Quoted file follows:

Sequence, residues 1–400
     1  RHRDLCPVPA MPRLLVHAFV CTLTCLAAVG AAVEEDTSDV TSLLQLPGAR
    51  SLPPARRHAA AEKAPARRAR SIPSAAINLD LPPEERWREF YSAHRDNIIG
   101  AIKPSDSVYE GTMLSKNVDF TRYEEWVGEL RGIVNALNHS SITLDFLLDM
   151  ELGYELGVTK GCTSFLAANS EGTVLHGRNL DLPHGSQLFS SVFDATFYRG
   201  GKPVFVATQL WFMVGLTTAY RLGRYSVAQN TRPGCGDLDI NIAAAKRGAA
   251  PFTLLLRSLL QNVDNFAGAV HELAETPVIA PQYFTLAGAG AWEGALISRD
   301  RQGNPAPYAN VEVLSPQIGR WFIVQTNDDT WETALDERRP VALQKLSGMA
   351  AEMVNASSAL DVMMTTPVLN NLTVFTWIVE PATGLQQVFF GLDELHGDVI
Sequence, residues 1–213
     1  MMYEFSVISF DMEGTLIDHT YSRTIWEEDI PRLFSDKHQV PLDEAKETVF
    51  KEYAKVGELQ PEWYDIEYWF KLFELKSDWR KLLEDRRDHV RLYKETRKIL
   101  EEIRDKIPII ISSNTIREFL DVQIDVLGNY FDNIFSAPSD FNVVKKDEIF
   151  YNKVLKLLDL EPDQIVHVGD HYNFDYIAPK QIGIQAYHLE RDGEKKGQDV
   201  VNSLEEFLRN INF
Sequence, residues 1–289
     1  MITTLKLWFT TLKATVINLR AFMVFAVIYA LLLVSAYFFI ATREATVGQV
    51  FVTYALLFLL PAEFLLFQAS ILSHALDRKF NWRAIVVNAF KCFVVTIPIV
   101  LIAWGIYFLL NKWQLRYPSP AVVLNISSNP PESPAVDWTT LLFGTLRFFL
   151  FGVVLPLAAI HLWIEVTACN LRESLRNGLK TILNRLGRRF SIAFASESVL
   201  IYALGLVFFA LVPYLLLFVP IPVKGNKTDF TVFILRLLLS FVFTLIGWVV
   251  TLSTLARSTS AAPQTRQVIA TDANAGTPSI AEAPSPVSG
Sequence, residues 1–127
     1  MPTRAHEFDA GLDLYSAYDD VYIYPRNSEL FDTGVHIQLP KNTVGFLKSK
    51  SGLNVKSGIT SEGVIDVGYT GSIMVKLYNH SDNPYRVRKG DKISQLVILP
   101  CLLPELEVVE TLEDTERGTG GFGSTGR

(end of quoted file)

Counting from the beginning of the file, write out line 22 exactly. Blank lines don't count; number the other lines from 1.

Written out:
   251  TLSTLARSTS AAPQTRQVIA TDANAGTPSI AEAPSPVSG